George Washington Papers
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To George Washington from Brigadier General Henry Knox, 5 June 1777

From Brigadier General Henry Knox

Camp, Middle Brook, 5 June 1777.


A Resolution of Congress of the 31 ultimo has been shewn to me by some French Officers attached to the Corps of Artillery under my command, ordaining that all Officers of Artillery engaged by Mr Deane in France shall take rank in the American Artillery according to the dates of their brevet commissions in the French service.1

I believe the Congress did not sufficiently consider the consequences of such a Resolution, or that they had not full information, to form it, consistent with that justice which is due to their own Officers.

The French Minister of Marine, or Minister of the Colonial Department, gave these Officers brevet commissions, to be in force in their Colonies only, or rather on this Continent, of superior rank to those which they then held in France, in order to give than an ideal rank here. They have had the rank given to them implied in their brevet commissions; and some higher than they expected. But this Resolution of Congress gives them another superiority, which, perhaps, was not intended. Nearly all the Captains now in the Continental Artillery served for the two last Campaigns as Captain-Lieutenants, and such only of that class as distinguished themselves by their abilities and special services. They are arranged in the different Battalions of Artillery according to their seniority, but do not take rand as full Captains untill the commencement of the present year; whereas the French Officers brevet commissions are dated in Novr & Decr 1776.

The Resolution of Congress pervades all the different ranks in the Artillery of Captains, Captain Lieutenants, and Lieutenants, and supercedes all the Officers in these different stations.

I confess that it surprizes me much, and that I am totally unacquainted with the principles upon which it is founded. No military ones, most certainly, can be assigned. These French Gentlemen, in general, have never been in so much actual service as the American Officers, who are not accused of any demerits; but, on the contrary, their reputation, as a Corps, is equal to any in the service. Why then should they All be superceded and disgraced? They have exerted themselves to recruit their Companies on the new establishment, and marched them to camp.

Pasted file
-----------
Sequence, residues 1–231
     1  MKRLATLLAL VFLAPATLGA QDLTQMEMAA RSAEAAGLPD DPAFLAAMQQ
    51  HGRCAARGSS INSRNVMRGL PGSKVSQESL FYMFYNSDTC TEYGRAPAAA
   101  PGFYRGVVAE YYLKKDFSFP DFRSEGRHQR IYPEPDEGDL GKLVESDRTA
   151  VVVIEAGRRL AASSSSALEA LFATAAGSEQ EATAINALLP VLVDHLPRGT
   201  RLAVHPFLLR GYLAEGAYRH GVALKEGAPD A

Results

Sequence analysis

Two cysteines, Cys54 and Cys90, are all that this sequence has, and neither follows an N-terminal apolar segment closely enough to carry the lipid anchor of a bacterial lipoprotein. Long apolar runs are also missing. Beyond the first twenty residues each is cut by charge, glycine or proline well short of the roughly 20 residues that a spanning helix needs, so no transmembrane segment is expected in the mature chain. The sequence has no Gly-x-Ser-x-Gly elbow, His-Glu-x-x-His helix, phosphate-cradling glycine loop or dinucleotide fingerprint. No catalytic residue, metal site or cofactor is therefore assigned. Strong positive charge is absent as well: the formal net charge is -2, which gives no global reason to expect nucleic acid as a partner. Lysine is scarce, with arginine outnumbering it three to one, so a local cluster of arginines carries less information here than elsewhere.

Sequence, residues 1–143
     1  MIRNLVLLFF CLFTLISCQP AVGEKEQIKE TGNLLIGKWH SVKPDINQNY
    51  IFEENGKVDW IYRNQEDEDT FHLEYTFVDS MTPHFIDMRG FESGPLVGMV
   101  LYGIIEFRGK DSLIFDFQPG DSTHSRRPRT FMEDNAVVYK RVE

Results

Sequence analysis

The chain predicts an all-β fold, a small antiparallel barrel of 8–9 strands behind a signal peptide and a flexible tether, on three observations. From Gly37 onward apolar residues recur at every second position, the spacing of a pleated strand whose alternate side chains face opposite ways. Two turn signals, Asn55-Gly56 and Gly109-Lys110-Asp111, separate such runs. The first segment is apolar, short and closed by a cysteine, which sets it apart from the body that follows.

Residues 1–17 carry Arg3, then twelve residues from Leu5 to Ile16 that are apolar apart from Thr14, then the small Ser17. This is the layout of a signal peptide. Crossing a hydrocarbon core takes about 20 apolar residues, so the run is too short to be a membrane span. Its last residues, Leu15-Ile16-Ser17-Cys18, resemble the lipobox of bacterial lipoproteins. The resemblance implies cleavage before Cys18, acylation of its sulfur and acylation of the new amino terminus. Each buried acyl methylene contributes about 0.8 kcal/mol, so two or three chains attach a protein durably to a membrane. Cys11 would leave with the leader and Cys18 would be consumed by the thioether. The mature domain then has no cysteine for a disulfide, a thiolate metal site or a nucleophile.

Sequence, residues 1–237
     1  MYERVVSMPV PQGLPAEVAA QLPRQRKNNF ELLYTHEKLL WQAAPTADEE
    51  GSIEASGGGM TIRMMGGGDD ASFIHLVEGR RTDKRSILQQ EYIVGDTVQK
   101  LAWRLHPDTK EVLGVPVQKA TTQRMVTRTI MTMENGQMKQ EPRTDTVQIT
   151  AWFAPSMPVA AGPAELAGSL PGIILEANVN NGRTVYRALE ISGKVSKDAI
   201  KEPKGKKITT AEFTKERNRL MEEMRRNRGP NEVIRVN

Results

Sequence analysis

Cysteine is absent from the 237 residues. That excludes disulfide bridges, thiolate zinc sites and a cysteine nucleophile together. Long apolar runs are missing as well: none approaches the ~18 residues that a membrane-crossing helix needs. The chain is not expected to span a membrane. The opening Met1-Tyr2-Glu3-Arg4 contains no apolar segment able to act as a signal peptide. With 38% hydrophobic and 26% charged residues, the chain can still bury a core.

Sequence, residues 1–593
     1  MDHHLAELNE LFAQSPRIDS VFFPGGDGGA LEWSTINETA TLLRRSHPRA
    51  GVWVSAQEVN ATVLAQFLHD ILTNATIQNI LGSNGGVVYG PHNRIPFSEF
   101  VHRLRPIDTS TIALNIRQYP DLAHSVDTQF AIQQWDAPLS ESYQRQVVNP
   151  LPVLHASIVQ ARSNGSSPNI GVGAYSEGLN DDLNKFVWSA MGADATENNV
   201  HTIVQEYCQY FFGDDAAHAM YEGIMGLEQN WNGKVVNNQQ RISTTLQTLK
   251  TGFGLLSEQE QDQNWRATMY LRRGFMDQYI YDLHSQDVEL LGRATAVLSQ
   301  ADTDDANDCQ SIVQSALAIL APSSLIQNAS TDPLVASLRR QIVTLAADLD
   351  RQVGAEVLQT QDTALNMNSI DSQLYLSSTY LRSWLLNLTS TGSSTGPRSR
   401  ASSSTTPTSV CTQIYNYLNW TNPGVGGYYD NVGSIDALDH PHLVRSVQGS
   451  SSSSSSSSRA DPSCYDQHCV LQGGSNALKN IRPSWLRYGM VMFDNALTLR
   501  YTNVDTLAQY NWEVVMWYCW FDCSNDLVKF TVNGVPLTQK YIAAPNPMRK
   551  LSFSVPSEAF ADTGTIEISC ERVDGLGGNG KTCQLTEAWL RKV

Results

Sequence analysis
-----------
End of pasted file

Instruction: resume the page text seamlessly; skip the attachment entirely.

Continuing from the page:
I conceive the most fatal consequences will arise to the Artillery, except this Resolution be repealed; at least so far as respects the seniority of rank. All that can with propriety be done, is to give them Commissions dated at the time that Congress accepted their services, anything more will occasion the resignation of every Officer of spirit in the Corps, who, though they are actuated by every tie of attachment and interest in the service of their Country, yet will infinitely prefer serving as Volunteers, than under people, who can have no other tie than the Pay they receive, and who cannot give a single order that can be understood.

In justice to the merit of the Officers under my command, and to promote the good of the service, I make this Representation to your Excellency, begging that you would be pleased to transmit it to the honorable Congress for their information. If they repeal the Resolution I shall be happy. If they do not I shall be clear of any bad consequences which may follow. I am, with the greatest respect, Your Excellency’s most obedient servt

Henry Knox Brigr Genl Artillery

LS, DLC:GW; copy, DLC:GW; copy, enclosed in GW to Hancock, 6 June 1777, DNA:PCC, item 152; copy, DNA:PCC, item 169.

1Congress on 30 May resolved “That blank commissions be sent to General Washington, for the French officers lately arrived in the Amphitrite, to be filled up agreeable to a list to be forwarded to him by the committee; the rank of each class of the said officers to be settled by the date of their commissions from the king of France” (JCC description begins Worthington Chauncey Ford et al., eds. Journals of the Continental Congress, 1774-1789. 34 vols. Washington, D.C., 1904–37. description ends , 8:406; see also Hancock to GW, this date, n.1; for the list of these French officers, see James Lovell to GW, 30 May, n.1).

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